The Future Of Desktop Computing (Yes, There Is One)

July 17, 2012 by  
Filed under Every thing you Need to Know

This post originally appeared on O’Reilly Radar (“A reduced but important future for desktop computing“). It’s republished with permission.

By Jenn Webb

Josh Marinacci (@joshmarinacci), blogger and co-author of “Swing Hacks,” sees a near-term future where the majority of computer users will be served by mobile devices, but advanced users — the 10% who need power, speed and UI flexibility — will continue to rely on a desktop experience. in the following interview, Marinacci discusses the mobile transition and what it means for desktop devices and software.

One of your upcoming OSCON sessions will explore how future desktop applications may no longer be the default, but they’ll still be important to advanced users — who are these advanced users?

Josh Marinacci: I think that in less than a decade, 90% of people will use a smartphone or tablet as their primary computing interface. they might have some shared computer with a keyboard for when they need to type in a long essay, but almost all of their time will be spent on these smaller devices. It will simply meet their needs better than a traditional PC. (When I say “PC,” I mean desktops and laptops with a traditional OS, like Windows or Mac OS X or Linux).

However, the remaining 10% need something more. These are the people whose jobs are to create and process significant amounts of information. think designers, software engineers, project managers, pro photographers, professional authors, etc. These people need the physical assets of a traditional computer: high-speed input and output through a large monitor and physical keyboard. they also need the processing power and UI flexibility provided by a traditional desktop OS. It would seem like a lot of people should fall into this category, but I really think it’s only about 10%. Most people will be better served by things like iPads.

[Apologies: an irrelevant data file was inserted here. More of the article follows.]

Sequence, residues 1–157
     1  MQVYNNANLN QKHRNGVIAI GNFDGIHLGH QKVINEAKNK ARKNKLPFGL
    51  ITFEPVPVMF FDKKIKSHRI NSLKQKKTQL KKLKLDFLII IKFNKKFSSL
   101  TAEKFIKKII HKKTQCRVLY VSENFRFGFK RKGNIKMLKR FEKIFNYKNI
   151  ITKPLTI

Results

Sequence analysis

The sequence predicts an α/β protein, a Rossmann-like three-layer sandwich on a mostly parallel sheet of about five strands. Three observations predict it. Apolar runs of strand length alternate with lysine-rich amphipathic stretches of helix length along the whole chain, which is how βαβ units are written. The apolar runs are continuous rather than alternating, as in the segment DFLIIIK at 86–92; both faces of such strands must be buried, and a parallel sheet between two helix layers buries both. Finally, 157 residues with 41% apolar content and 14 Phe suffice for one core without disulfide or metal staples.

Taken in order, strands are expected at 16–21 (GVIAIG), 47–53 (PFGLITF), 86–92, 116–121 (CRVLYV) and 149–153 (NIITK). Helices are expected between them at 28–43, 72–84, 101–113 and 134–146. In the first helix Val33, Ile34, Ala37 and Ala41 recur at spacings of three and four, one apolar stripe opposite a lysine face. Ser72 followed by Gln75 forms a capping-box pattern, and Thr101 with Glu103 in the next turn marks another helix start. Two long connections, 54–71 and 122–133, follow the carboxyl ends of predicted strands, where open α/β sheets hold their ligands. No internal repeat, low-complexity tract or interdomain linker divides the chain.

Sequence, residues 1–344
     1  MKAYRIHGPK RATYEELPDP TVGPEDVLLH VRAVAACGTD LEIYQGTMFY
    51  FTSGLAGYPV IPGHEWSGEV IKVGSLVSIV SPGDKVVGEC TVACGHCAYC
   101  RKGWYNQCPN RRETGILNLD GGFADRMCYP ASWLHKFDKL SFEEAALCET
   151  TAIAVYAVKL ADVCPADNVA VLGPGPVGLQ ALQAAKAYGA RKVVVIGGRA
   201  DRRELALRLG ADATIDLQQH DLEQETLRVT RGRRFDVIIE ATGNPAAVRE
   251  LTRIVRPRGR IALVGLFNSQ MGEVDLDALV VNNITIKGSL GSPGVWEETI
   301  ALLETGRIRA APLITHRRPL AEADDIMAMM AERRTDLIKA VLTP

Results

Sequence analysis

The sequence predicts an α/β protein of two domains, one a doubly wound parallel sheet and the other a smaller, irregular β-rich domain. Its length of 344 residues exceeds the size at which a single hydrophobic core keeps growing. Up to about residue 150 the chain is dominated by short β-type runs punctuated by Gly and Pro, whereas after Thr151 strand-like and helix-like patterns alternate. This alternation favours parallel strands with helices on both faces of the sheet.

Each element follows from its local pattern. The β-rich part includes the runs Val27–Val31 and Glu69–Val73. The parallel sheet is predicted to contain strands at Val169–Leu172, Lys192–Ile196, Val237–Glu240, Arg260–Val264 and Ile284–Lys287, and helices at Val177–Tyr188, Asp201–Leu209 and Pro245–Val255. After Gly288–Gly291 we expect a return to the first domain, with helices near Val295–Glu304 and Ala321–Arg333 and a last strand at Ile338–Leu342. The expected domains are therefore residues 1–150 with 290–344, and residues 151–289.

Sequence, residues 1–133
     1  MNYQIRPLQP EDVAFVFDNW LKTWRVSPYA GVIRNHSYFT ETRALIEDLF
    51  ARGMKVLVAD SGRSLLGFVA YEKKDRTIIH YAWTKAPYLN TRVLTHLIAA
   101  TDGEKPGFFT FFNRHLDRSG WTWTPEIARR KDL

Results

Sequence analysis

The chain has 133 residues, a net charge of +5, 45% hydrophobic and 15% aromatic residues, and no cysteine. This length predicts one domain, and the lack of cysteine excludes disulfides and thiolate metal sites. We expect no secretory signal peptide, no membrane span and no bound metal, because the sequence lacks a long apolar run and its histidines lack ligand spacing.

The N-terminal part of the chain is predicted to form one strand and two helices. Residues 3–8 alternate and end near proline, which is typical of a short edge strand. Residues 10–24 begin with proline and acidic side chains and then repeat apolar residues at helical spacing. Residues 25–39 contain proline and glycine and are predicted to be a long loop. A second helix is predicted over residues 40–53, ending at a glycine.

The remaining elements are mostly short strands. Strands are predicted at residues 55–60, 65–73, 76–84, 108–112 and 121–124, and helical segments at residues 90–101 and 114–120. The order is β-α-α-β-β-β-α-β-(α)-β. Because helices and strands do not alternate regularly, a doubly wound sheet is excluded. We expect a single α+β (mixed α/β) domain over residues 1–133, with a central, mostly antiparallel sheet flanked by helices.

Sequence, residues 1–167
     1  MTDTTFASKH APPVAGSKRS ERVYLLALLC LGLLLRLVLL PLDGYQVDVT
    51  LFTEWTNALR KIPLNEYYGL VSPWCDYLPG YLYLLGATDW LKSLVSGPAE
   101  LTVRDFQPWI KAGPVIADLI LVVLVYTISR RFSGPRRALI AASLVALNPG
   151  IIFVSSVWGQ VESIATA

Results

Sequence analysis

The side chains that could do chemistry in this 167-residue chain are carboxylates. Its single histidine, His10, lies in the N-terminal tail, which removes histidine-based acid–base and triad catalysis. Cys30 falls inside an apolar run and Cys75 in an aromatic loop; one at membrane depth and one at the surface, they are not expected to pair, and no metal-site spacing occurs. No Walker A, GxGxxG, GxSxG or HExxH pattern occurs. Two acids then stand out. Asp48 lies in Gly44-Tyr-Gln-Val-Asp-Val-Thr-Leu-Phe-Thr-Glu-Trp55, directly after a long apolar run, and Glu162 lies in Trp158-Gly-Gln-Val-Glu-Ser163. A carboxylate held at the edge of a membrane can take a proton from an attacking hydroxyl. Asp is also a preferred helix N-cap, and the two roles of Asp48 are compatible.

How will current desktop applications need to change to accommodate advanced users?

Josh Marinacci: The needs of users, as well as the computational power of our computers, has grown tremendously over the past few decades. Desktop interfaces, however, haven’t changed since the mid-’90s because most of the industry’s focus has been on mobility and the web. I want to see that change.

I think there are three core places where current interfaces fail: customization, automation, and scaling to large amounts. Advanced users need to customize their tools to efficiently handle workflows. The few attempts at interface customization, like the toolbar in MS Office, have failed miserably. I think we need some new approaches to the problem.

Automation seems like a given. once a user has customized the interface to do particular tasks, they will likely benefit from making those tasks repeatable. Sadly, almost no software does this outside of the programming domain. Adobe’s Creative Suite and MS Office have almost no support for automation outside of complex macros, which require a full understanding of programming to be effective. Mac OS X’s Automator seems promising, but Apple is moving away from it with the new locked-down Mountain Lion OS X.

Finally, the core interfaces of desktop GUIs — lists, folders, and buttons — simply don’t scale to the massive amounts of information the modern desktop user has to process. probably the best example of an app that tackles the problem is iTunes. The average user’s music library is far too big to effectively manage as files, so iTunes has to introduce essentially a baby version of SQL for creating saved searches. I suspect we will see more interfaces along these lines.

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